How modular MEP systems can benefit Middle East construction

It can cut costs and improve quality, but is prefab being picked up in the Middle East?

Modularisation and prefabrication can benefit the Middle East's MEP contractors and clients, an official from Dubai's BK Gulf says [representational image].
Modularisation and prefabrication can benefit the Middle East's MEP contractors and clients, an official from Dubai's BK Gulf says [representational image].

Modularisation – a well-received kitchen technology for interior designers – can improve product quality and cut costs for the Middle East’s construction and mechanical, electrical, and plumbing (MEP) sectors, according to an official from one of Dubai’s top MEP companies. BK Gulf’s modular systems division manager, Robbie Nelson, said the local market is “radically” improving in terms of adopting prefabrication, which has already been used on architecturally impressive UAE projects such as Dubai Mall and Dubai Opera.

Speaking to Construction Week’s sister title MEP Middle East, he added: “I think the market is partly driven by the complexity and competitiveness of the region.

READ: MEP Middle East Awards 2018 winners revealed in Dubai

“The Middle East, and UAE especially, is well known for iconic projects. But time constraints around such projects are tight, and so, people are looking for alternative methods of delivering such projects. Prefabrication is one of them.”

BKG Modular Systems, the prefab arm of BK Gulf, is known for the production of service modules and modular wiring products. Its portfolio includes New York University Abu Dhabi, Dubai Opera House, Dubai Mall, and the Address Downtown Dubai hotel refurbishment project. For the latter, Nelson explained, 1,035 multi-service modules were manufactured and installed within 26 days for 15 floors of the building.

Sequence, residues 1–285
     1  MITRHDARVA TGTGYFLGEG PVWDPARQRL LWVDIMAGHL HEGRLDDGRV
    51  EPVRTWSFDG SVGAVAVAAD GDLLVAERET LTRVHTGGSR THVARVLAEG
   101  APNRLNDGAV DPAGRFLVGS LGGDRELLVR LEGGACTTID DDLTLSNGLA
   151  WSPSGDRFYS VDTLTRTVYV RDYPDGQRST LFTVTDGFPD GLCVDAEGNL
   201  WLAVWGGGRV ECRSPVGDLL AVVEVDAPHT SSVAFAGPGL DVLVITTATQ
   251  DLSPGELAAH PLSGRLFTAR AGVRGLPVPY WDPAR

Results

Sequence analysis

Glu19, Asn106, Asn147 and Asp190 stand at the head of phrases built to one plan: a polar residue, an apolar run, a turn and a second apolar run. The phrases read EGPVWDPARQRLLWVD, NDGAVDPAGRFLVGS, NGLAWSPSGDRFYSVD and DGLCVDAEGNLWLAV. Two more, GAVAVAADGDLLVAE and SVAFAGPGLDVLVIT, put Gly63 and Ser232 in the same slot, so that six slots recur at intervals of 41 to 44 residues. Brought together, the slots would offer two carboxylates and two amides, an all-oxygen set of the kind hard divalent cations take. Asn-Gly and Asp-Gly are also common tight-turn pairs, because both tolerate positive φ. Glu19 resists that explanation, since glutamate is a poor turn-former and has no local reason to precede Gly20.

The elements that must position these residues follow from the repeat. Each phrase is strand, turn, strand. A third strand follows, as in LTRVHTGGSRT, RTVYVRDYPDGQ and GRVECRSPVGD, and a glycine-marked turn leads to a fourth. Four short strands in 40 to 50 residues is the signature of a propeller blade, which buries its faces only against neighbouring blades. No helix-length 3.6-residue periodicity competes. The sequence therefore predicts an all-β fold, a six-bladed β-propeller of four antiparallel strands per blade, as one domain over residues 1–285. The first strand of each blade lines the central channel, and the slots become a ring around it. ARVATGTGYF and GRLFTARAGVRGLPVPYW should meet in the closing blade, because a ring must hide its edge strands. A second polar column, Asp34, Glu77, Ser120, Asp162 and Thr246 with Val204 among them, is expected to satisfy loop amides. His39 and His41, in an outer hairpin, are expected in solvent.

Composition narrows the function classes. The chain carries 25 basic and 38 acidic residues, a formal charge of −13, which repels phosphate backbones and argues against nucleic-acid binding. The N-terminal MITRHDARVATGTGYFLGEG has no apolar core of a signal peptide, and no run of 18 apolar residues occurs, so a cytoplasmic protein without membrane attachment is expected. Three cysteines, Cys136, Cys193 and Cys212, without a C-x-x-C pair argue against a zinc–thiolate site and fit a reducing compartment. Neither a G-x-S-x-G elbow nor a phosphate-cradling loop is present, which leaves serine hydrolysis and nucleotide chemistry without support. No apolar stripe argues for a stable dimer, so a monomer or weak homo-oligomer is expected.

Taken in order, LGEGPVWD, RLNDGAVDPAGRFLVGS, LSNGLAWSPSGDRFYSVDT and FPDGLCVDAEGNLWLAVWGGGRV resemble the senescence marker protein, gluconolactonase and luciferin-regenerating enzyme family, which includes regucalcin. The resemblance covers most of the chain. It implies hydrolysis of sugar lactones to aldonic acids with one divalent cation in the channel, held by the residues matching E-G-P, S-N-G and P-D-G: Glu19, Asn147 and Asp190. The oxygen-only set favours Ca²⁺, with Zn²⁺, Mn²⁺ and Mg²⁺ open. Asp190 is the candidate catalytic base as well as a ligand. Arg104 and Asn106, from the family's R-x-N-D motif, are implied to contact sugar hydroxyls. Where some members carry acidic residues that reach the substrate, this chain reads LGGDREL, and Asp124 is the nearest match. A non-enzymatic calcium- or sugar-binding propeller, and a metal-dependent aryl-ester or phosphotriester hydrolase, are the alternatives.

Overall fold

At Dubai Opera, BKG modularised and installed certain sections of the MEP system. For Al Bahr Towers in Abu Dhabi, meanwhile, the company prefabricated an entire corridor.

Commenting on how prefabrication and modularisation can benefit MEP contractors, Nelson said: “Typically, in a traditional build, you can end up doing something that wasn’t intended by the designer. That can either compromise the performance of the system or increase the final maintenance [cost] for the client. We provide benefits to the [MEP] contractor in a much more straightforward way by reducing their dependencies on the main contractor.

READ: MEP firms Efeco, Voltas in CW Awards 2018's sub-contractor shortlist

“When you’re building traditionally, you’re waiting on the walls to be built. We can produce corridors and risers, all before the structures are even built.”

This article is an excerpt from a piece that was originally published by MEP Middle East. Read the full article here. For more news from the Middle East’s MEP sector, visit Construction Week’s sister website,


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